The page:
Using RFM in E-Mail Marketing

By APSIS

2011-05-05

One of the most popular and efficient tools used by marketers for understanding their audience and customers better is the RFM analysis. Those of you who work with e-mail have a lot to gain from this type of analysis when you plan your mailings. We will show you how!

RFM is the abbreviation for Recency, Frequency, Monetary Value. The RFM analysis gives marketers a way of weighing different customer groups against each other and determining what marketing resources should be allocated to each segment.

Let us see what an RFM model looks like! There are normally three measuring points:

Recency

How long has it been since the last purchase?

Frequency

How often do my customers buy something from me?

Monetary Value

What is “Monetary Value”, i.e., the overall economic value of the customer?

You place your customers in a matrix in order to gain a good overview of what sales to them look like. Once you have conducted an RFM analysis, you can see which customers are most valuable, both when it comes to earnings and as brand ambassadors – they are the ones who will rank high at all measuring points.

At the same time, you can clearly see who needs a push to get activated.

What can you gain from doing this?

The point for you as an e-mail marketer is that you can use the knowledge of how active your customers are in order to communicate with them better. You can identify your brand ambassadors; you can see who is on his or her way of being lost as a customer – and you can see who has development potential.

The RFM analysis can help you understand your target groups and help you draw up messages and strategies directed at each individual customer group.

It is now time to describe RFM’s practical use in e-mail marketing!

This is an example of what a matrix looks like:


This article is dedicated to three groups and to the type of communication that could be most suitable for them.

Recency = 0 to 6 months, Frequency = 1 purchase

The 21 persons in the group above are completely new customers. It has probably cost quite a bit to attract them as customers, so it is best to immediately start working on keeping them as such. The overarching goal is to entice them to make another purchase.

Do not forget to add in “Monetary Value” – the economic value of the customer. In this particular case, customer value is equal to the order value since the purchase is only one. If the amount is large, then it is probably not so appropriate to send a message enticing to a new purchase so soon after the first one. However, there is one group that is perfect for offers of different types of upgrades, for example, warranty extensions.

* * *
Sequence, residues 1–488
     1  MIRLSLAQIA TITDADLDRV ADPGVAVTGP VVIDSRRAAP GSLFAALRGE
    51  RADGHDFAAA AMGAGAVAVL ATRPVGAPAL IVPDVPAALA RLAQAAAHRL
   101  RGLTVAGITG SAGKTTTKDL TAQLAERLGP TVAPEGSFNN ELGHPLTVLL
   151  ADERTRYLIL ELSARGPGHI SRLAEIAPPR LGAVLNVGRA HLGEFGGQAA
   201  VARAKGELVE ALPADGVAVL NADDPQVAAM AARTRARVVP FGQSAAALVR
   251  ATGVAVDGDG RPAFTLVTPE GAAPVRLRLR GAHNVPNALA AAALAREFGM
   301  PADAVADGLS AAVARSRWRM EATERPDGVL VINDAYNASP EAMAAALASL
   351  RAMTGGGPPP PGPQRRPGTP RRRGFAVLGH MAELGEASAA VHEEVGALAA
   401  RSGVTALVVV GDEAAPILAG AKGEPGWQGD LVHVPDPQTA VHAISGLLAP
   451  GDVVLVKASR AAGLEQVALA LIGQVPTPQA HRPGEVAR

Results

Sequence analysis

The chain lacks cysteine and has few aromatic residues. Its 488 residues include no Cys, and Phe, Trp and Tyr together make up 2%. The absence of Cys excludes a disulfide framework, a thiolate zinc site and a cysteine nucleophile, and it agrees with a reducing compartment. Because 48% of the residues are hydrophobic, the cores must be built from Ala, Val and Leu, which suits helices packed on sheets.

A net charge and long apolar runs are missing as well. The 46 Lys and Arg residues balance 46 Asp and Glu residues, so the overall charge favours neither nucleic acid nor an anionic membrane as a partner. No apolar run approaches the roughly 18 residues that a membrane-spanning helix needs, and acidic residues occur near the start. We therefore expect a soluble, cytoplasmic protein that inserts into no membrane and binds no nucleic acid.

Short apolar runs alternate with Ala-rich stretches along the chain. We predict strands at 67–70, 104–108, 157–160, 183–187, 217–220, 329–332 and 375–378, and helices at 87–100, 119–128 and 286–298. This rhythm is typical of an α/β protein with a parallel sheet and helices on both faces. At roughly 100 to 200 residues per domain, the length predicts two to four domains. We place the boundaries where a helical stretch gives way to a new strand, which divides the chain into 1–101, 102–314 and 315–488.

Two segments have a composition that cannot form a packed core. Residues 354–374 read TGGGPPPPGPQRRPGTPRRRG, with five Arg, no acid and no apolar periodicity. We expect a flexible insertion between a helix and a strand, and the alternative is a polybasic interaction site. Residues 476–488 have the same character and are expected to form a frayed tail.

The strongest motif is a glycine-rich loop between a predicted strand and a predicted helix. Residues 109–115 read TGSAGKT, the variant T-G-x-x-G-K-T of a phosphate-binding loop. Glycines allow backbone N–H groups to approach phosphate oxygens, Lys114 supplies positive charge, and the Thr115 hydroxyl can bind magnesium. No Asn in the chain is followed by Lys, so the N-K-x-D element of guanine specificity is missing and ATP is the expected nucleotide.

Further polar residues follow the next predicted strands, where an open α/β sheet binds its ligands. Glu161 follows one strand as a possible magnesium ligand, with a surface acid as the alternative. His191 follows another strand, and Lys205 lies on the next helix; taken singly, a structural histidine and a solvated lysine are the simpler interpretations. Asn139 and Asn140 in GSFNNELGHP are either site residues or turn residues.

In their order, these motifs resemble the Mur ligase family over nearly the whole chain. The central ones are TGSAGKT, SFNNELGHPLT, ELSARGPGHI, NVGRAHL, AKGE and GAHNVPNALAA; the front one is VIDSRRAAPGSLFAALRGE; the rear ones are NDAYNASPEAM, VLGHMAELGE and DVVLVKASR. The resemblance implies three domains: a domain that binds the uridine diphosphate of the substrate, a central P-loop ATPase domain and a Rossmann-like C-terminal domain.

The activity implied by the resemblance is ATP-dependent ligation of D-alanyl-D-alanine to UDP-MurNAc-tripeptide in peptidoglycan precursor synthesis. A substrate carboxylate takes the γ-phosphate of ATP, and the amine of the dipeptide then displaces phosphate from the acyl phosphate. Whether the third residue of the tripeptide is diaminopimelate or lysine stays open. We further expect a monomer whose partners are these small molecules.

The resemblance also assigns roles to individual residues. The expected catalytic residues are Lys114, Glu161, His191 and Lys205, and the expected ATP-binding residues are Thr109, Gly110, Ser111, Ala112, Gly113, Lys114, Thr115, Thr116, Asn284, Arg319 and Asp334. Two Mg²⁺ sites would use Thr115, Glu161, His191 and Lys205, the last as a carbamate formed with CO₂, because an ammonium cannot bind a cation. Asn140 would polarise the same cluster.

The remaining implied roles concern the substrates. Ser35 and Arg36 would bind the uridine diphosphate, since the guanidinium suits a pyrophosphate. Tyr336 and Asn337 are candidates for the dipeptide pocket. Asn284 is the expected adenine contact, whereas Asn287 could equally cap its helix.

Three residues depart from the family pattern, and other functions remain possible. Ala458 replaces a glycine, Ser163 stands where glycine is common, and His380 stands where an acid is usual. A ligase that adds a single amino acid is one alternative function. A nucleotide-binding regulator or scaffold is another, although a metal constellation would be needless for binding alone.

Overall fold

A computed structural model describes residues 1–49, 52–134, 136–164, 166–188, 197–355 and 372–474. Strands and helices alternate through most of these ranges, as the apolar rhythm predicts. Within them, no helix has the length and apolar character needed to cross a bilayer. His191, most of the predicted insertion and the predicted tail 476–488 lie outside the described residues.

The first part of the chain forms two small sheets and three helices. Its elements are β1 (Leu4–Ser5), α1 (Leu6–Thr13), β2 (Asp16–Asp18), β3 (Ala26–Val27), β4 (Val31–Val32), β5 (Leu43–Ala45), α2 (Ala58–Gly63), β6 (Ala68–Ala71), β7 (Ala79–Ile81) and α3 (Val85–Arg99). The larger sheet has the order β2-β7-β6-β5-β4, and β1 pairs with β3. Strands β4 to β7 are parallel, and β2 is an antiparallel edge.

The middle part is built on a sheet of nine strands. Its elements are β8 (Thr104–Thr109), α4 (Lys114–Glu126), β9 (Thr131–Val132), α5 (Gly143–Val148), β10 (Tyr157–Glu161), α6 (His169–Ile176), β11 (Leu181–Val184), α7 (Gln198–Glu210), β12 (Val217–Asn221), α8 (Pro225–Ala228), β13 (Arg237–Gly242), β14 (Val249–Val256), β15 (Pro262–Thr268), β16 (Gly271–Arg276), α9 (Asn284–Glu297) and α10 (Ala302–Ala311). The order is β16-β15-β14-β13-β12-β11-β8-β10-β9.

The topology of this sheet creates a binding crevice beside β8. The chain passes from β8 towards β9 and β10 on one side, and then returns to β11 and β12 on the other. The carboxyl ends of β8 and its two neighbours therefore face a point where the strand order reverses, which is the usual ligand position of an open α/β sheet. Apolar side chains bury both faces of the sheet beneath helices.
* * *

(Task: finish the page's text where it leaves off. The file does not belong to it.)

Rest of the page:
This group should get a lot of attention and should be subject to a life cycle campaign after the purchase has been made.

Recency = 7 to 12 months, Frequency = 4 purchases

The main purpose of the RFM analysis is to place all customers in different target groups that you can subsequently work with to ensure that they rank as high up as possible in all three categories. This group is very close to being in the best segment for both R and F, but needs a push to really get there.

The “fours” may need a challenge to shop again – maybe in order to get loyalty points, contest prizes or the like. They have demonstrated before that they like your products, so all they need is a little push or an offer in order to move on to the next group.

By studying their “Monetary Value”, you can find out which products and offers will be appreciated most by the group. If the customers regularly buy low-value products, offers of products of a similar value will be appreciated the most. But perhaps you should also include a couple of offers of higher-priced products in order to make them even more valuable customers.

Recency = 25+ months, Frequency = 5+ purchases

The customers who have shopped more than five times should be very valuable to your operations, naturally depending on the value of their previous purchases. If their “Monetary Value” is also higher than that of other customers, but they have not shopped within more than five purchase cycles (or subscription periods), it is about time to find out why.

Did they have a poor shopping experience the previous time? Or are they no longer part of the target group of your products? By asking these customers what has changed, you can gain valuable knowledge which will help you make better forecasts of future purchase behaviour.

It is good to understand that your product at some point will no longer be right for certain customers. The knowledge as to why will help you design and tailor your marketing message.

Have you conducted an RFM analysis? Get in touch and tell us about your experiences!

About the author

Kelly Lorentz has extensive experience in strategic counselling in a number of major e-mail marketing companies in the USA. Her profound knowledge of digital marketing – and, in particular, e-mail marketing – makes her the perfect adviser when it comes to helping companies and organisations find the right path in marketing matters.

Kelly works at Apsis on developing strategies for customers who want to optimise their e-mail marketing and increase their ROI – for example, using RFM analysis.

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